What does Biden’s legal professional normal consider legalization? Not a lot – nevertheless it may not matter
After the Democrats took control of the U.S. Senate in the historic Georgia runoff last night, President-elect Joe Biden wasted no time this morning in announcing the news that the U.S. Appeals Court Judge Merrick Garland was voting for the US attorney general will be.
Merrick Garland as Attorney General: Good or Bad for Cannabis?
If that name sounds familiar, it is most likely that Garland was President Obama’s election to fill a vacant Supreme Court seat in 2016.
As is known, Garland never received a confirmation hearing as then Senate majority leader Mitch McConnell blocked his nomination until the end of Obama’s term. The vacant space was finally occupied by Trump nominee Neil Gorsuch in 2017.
Obama’s Supreme Court Election: The One Thing We Know About Merrick Garland and Cannabis
But now McConnell’s days as the majority leader seem numbered – if Georgia’s return occurs – and new President Biden appears poised to tap Garland to serve as the country’s top law enforcement officer. If this were affirmed – presumably a formality in a Senate expected to be controlled by Democrats – Garland would take responsibility for shaping federal cannabis policy, at least when it comes to enforcement, at a time in that the nation is at a crossroads. About half of the country now lives under legalization and the other half under prohibition.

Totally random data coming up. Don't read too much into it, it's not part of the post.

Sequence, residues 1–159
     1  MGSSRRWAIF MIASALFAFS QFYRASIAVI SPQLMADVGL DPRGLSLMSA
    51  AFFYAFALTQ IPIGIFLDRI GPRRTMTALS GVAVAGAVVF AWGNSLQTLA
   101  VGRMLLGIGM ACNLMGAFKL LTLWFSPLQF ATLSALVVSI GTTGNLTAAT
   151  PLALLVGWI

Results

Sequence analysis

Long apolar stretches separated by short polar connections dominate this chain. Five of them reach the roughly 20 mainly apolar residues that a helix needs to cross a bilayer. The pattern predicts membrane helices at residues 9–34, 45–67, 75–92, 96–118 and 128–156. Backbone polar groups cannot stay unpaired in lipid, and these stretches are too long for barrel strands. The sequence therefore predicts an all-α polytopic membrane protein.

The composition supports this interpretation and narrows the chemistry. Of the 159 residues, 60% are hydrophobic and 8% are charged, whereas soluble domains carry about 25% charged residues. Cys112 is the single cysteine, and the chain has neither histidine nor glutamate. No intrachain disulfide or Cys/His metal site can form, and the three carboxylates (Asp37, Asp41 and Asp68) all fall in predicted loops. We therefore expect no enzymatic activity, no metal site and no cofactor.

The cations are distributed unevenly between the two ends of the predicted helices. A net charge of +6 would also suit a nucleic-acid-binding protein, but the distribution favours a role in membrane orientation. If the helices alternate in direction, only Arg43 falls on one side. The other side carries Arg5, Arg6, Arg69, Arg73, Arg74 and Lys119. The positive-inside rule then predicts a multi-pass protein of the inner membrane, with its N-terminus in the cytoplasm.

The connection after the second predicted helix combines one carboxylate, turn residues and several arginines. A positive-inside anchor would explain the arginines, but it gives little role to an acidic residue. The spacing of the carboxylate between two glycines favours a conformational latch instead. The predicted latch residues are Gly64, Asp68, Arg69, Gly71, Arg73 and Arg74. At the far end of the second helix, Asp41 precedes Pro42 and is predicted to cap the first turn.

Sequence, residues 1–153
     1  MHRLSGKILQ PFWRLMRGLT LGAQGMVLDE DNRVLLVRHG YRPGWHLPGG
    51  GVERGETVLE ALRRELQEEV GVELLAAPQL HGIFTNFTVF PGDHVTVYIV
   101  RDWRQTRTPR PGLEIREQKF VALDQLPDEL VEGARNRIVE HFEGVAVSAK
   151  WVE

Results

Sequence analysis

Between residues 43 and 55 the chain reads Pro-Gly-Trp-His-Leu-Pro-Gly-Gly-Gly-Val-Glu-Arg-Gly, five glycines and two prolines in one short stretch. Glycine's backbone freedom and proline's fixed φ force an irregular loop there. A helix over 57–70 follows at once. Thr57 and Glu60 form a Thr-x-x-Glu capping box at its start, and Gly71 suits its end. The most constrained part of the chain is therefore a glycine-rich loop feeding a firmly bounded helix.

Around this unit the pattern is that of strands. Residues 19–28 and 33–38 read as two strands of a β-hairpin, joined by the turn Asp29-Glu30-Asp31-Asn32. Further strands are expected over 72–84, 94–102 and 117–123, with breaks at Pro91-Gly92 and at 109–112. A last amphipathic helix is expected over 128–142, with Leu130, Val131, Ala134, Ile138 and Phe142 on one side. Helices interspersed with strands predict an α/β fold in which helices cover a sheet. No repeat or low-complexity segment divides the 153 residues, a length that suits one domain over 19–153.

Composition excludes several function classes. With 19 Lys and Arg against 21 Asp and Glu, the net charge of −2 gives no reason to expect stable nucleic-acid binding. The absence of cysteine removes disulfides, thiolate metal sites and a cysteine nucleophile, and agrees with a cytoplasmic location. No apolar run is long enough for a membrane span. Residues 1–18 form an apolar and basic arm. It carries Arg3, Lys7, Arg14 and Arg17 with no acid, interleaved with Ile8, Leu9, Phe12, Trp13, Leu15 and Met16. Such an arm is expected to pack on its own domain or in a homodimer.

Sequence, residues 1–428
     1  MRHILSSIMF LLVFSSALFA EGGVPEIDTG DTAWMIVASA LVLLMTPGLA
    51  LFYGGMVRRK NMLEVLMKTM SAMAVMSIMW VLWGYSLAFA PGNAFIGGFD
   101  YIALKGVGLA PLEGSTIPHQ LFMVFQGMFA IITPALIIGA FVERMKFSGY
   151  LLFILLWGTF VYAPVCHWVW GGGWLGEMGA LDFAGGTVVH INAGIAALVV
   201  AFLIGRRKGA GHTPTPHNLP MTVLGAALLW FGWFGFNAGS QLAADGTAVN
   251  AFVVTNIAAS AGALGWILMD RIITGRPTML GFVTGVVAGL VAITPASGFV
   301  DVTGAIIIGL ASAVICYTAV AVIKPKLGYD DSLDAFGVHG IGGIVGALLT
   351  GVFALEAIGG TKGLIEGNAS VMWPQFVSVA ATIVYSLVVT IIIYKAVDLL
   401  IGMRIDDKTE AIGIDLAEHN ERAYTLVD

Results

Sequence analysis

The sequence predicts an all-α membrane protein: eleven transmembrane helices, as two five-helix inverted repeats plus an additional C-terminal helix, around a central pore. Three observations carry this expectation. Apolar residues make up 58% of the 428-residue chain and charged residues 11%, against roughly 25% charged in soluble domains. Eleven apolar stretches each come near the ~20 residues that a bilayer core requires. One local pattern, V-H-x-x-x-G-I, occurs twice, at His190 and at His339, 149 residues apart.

Support for nationwide legalization has never been so high. The latest polls by Pew and Gallup consistently show that more than two-thirds of Americans support legalizing marijuana for all adults.
With the Democrats now holding majorities in both Houses of Congress, the passage of the MORE bill moves from distant hope to actual possibility.
President-elect Biden, at least officially, remains opposed to legalization – making him an outlier among Democrats – although it is unclear whether he would veto the popular law passed by his own party.
Legalization isn’t really on his radar
So where is the alleged attorney general?
During his career as a judge and federal attorney, Merrick Garland had very little to say about cannabis.
In a 2012 case, Garland was on the DEA’s side in marijuana planning. But that was before state legalization of adult use was even a thing.